I used to write too much.
And I bet, at first glance, that seems like an odd problem for a writer to have.
You might be sitting here thinking, “What’s wrong with that? I’d love to have to try cutting back on how much I write. I can never seem to force myself to write ENOUGH!”
I know, I know. But writing “more” isn’t always better.
When I bring this up, I usually tell the story of my novel about bees. (It wasn’t really about bees. But sort of. You’d have to read it to get the metaphor.)
In July of 2012, I wrote an 130,000-word novel in 14 days. That’s all you really need to know. There were other things going on, my brain wasn’t in the best shape, neither was I. But I was so proud of that accomplishment, even though I barely ate or slept, barely talked to anyone, barely left my house.
Imagine what would happen to you if that’s the way you lived all the time. Not just for two weeks out of a year. But every single day.
I can almost guarantee that the majority of working writers spend too much time working and not enough time expressing their creativity in different ways. Or they exhaust themselves so much with responsibility that when they do get a chance to “relax,” they’re too tired to actually enjoy it.
No more of that nonsense. You deserve to do good work while also feeling good about things when you step away from your words.
Here’s how to write less … which might actually end up helping you write more, better, over time.
- Give yourself a goal — and a limit. When I worked on a novel during NaNoWriMo 2017, I set a goal to write 2,000 words each day in November. But, unless it was a weekend or I’d finished everything else on my to-do list, I wouldn’t let myself go more than 100 words or so past that point. This kept me writing consistently without completely overwhelming me. At the end of the month, I’d accomplished a lot, but didn’t feel burned out or sick of my book. A little at a time, with limits, is perfectly acceptable.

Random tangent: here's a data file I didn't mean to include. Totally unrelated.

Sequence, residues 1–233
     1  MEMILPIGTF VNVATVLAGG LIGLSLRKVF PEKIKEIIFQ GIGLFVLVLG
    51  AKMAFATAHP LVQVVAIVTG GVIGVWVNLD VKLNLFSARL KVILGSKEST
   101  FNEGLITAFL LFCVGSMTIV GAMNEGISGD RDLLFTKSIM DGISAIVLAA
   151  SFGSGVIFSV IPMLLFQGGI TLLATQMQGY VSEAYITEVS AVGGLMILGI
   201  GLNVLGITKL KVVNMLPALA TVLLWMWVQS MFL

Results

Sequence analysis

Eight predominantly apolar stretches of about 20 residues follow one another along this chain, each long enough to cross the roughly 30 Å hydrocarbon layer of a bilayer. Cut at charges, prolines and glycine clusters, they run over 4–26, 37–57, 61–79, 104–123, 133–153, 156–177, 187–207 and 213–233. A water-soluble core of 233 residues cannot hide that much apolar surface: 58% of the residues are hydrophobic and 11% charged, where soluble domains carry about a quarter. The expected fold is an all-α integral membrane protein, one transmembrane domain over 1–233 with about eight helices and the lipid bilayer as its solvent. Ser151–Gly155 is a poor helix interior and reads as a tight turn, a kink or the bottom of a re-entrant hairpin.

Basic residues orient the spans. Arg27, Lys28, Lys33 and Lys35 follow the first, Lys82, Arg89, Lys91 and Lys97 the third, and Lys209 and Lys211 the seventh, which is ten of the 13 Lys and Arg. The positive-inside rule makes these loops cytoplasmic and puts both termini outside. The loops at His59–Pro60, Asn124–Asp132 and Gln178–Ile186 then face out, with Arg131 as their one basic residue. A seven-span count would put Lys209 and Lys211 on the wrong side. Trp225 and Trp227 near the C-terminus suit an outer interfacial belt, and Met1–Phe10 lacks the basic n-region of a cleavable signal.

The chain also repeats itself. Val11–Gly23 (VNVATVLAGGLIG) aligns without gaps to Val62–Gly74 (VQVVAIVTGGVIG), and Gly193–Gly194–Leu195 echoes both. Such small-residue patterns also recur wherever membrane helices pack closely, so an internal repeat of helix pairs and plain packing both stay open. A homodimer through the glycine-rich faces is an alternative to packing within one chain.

- Dedicate one day a week to “not writing.” For awhile earlier this year, Sundays were my “do nothing” days. I’d love to get back onto that schedule at some point. I’d work as hard as I needed to the other six days of the week to get everything done … but then I’d have one day that allowed me to rest and reset so I could start all over again on Monday. You don’t need to write every day. In fact, there are many writers who really shouldn’t.
- Remember that you can tell a story without actually writing it. Sometimes at the end of a long week, I get a new idea for a story I want to tell. But I know that if I try sitting down to write it, I’m only going to exhaust myself more and have a harder time getting things done tomorrow. So instead, I do a quick outline on my iPad about the story’s message or its characters. Or I sketch a scene with my terrible lack of drawing skills. Sometimes, I just do a quick character profile. I’ll either return to it later or just leave it alone. What matters is that I paid attention to an idea without stressing myself out too much.
Work is important. But it’s not everything.
And I’ve found, personally, that the less I write in a day, the more I open my mind up to the possibility of new ideas to tackle during my designated writing time.
Don’t wear yourself out. Writing should be about feeding off your creative projects and thriving as you work on them, not letting your projects feed off of you.
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Meg is the creator of Novelty Revisions, dedicated to helping writers put their ideas into words. She is a staff writer with The Cheat Sheet, a freelance editor and writer, and a 10-time NaNoWriMo winner. Follow Meg on Twitter for tweets about writing, food and nerdy things.